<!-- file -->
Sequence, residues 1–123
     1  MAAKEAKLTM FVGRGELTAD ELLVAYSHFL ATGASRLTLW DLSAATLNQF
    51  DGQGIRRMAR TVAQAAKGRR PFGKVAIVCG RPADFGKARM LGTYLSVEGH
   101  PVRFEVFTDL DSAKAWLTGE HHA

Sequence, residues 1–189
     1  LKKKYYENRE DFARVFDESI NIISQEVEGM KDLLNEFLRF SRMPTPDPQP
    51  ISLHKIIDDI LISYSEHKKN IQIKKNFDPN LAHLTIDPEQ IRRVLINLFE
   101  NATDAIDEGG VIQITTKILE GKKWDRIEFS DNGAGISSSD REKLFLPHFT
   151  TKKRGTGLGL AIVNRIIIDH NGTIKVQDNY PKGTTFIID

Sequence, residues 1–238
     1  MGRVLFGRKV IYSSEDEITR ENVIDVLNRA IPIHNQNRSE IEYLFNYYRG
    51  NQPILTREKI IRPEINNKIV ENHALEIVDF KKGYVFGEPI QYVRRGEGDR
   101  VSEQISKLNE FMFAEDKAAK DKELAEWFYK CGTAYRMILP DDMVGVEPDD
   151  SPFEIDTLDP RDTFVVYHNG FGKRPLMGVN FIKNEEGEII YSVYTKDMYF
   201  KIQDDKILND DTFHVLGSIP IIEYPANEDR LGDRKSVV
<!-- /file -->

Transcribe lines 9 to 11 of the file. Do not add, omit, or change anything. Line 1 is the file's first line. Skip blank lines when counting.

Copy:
   151  TKKRGTGLGL AIVNRIIIDH NGTIKVQDNY PKGTTFIID

Sequence, residues 1–238
     1  MGRVLFGRKV IYSSEDEITR ENVIDVLNRA IPIHNQNRSE IEYLFNYYRG